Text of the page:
Field width is about 15 mm.
Figure 181. Secondary electron image of a fresh-fracture surface from concrete.
Field width is about 15 mm.
Figure 182. Top. Paired image at successively greater magnification of stereomicroscope (white light) images and SEM BE images: Field width is 11 mm.
Figure 183. Middle. Field width is 3 mm.
Figure 184. Bottom. Field width is 1.5 mm.
Figure 185. Backscattered electron image of an epoxy-impregnated, polished cross section of concrete (field width is 2 mm).
a = aggregate, c = residual cement, ch = calcium hydroxide, ip = calcium-silicate-hydrate, inner product, and op = calcium-silicate-hydrate, outer product
Figure 186. Backscattered electron image of an epoxy-impregnated, polished cross section of concrete (field width is 1 mm).
a = aggregate, c = residual cement, ch = calcium hydroxide, ip = calcium-silicate-hydrate, inner product, and op = calcium-silicate-hydrate, outer product
X-radiation is produced when a specimen is bombarded by high-energy electrons. The beam electrons eject inner-shell electrons that are then replaced by outer-shell electrons. This replacement results in emission of an x ray characteristic for that element. The x-ray energy level is displayed as the number of counts at each energy interval and appears as peaks on a continuous background (figure 187), referred to as an energy-dispersive x-ray spectrum (EDX).
Figure 187. EDX spectrum.
Peak positions are specific to a particular element, intensity (height) is proportional to its relative abundance. This spectrum, from ettringite, exhibits that mineral’s characteristic composition with oxygen, aluminum, sulfur, and calcium. Note that units on the horizontal axis are kiloelectronvolts (keV).
The peaks are designated as k, l, or m. The positions of the peaks are characteristic of a specific element, so phase identifications are made by examination of peak positions and relative intensities (figure 188).
The x-ray signal is used for: (1) spectrum analysis for qualitative and quantitative chemical analyses (figure 188), (2) line scan analysis to plot relative concentration of selected elements along a line (figure 189), (3) x-ray imaging (XR) of element spatial distribution and relative concentrations (figure 190), and (4) an aid in phase identification through its chemical signature. Phase identification is not absolute as in x-ray powder diffraction; however, combining criteria (e.g., BE signal brightness, morphology, associations with other constituents, and chemical composition) provides a rather strong basis for identification. Coupling microscopy with x-ray powder diffraction data is also useful as it can be used to limit the elements in the potential compounds to those present in the specimen. Mass concentration to a few tenths of a percent can be detected using an energy dispersive x-ray detector. The relative accuracy of quantitative analysis (using certified standards) is about ±20 perce t for concentrations of about 1 percent, and ±2 percent for concentrations greater than 50 percent. More details on x-ray microanalysis may be found in Goldstein, et al. (1992).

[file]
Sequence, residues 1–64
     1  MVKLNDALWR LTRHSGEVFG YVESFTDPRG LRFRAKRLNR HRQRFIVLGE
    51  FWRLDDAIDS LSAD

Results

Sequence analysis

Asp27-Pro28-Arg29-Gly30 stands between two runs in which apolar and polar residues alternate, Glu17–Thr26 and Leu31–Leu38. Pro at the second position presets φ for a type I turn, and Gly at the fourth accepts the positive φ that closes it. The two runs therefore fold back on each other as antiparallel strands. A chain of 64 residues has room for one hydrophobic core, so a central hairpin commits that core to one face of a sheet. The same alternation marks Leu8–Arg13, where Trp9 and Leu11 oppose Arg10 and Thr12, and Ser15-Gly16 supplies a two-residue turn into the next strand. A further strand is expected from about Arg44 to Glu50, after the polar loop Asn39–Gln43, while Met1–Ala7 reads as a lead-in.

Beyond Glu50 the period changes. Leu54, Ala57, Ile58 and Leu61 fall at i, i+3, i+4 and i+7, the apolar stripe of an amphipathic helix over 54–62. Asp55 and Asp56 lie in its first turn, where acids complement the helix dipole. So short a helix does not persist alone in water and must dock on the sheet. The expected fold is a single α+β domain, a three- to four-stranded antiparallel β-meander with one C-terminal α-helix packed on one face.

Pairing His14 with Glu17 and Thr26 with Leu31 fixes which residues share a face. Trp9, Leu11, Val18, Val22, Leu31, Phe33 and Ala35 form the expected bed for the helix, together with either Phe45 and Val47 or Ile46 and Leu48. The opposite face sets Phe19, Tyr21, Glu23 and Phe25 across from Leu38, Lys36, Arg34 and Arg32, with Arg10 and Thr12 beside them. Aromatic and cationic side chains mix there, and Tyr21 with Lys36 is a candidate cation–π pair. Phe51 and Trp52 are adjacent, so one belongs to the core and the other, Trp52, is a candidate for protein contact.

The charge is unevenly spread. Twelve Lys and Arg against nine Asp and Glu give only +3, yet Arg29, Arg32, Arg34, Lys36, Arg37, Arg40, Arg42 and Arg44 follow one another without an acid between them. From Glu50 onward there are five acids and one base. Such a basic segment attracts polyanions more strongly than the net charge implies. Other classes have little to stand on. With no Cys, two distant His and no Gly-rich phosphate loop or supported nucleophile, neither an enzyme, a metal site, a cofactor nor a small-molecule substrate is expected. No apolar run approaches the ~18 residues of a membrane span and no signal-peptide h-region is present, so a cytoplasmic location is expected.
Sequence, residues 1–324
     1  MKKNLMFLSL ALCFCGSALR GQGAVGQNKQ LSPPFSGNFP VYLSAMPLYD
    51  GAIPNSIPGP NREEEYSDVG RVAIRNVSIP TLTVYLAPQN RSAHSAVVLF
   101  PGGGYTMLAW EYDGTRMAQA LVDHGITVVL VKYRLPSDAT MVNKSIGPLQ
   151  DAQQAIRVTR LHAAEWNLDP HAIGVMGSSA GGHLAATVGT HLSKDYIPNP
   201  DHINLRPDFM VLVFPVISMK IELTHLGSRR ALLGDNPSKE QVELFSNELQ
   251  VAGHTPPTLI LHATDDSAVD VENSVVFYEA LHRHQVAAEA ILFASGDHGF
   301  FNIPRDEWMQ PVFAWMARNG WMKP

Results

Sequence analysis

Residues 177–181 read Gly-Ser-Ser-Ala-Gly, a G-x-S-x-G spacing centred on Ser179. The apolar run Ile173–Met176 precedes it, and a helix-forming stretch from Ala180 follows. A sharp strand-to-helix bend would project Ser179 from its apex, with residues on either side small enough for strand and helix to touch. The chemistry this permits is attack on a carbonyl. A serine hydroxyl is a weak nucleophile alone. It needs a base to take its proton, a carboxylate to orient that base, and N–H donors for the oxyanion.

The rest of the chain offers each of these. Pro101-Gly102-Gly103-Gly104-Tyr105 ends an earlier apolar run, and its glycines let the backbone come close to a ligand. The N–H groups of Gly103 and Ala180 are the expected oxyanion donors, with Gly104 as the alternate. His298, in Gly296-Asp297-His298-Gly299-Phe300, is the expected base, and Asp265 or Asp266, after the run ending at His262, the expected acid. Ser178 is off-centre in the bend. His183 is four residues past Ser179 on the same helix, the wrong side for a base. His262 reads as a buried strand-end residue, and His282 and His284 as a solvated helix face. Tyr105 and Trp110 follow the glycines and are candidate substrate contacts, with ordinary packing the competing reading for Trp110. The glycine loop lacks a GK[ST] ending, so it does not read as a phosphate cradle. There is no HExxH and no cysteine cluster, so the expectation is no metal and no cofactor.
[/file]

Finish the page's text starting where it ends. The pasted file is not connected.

Figure 188. EDX spectra for ettringite (top left), monosulfate (top right), calcium hydroxide (bottom left), and calcium-silicate-hydrate (bottom right) aid in phase identification characteristics.
The peaks and their relative intensities are affected by the accelerating voltage of the microscope beam (figure 191). If the voltage is too low, then the beam energy may not be capable of generating the characteristic radiation. For example, the iron K line occurs at 6.4 keV and requires about 11 keV for adequate excitation. Accelerating voltages between 12 and 15 keV provide for reasonable BE and x-ray imaging. Lower accelerating voltages decrease the interaction volume, increasing resolution, but with a loss in efficiency in generating higher energy x rays.